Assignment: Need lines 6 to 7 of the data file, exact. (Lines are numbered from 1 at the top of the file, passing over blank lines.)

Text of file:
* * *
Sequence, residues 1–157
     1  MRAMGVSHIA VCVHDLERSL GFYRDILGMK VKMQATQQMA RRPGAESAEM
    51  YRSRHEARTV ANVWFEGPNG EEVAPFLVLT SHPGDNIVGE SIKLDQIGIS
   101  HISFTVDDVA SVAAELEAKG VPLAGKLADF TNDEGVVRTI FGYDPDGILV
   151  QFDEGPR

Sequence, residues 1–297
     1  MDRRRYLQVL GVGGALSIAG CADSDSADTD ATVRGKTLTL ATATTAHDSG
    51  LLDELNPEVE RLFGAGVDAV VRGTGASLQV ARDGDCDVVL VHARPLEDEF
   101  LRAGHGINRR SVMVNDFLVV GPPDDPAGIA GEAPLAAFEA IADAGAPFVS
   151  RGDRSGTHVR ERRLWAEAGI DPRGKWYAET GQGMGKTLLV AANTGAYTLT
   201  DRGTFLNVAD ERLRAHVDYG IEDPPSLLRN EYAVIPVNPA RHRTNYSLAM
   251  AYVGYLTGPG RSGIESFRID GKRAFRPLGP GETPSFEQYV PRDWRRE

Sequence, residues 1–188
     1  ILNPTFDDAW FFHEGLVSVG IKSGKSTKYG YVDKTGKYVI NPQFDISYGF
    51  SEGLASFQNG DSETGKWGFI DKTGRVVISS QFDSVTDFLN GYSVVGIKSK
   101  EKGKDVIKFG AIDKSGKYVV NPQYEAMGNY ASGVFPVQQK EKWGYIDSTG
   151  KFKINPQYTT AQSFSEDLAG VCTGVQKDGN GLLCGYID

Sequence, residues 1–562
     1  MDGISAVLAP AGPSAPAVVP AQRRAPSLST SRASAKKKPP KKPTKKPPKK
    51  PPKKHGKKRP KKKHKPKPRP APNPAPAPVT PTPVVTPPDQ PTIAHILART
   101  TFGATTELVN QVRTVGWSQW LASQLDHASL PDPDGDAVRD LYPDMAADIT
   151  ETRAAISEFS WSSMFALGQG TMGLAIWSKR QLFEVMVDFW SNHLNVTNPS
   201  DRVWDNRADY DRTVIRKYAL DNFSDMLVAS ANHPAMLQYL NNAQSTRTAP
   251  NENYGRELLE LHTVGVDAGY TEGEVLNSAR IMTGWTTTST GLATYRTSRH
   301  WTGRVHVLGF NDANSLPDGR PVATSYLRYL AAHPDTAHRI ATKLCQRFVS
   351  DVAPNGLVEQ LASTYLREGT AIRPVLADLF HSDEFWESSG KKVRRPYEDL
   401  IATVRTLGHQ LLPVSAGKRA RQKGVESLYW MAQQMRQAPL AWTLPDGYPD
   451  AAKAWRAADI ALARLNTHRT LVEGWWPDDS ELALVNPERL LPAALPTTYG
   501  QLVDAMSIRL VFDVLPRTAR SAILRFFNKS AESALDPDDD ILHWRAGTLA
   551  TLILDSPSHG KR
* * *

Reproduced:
Sequence, residues 1–297
     1  MDRRRYLQVL GVGGALSIAG CADSDSADTD ATVRGKTLTL ATATTAHDSG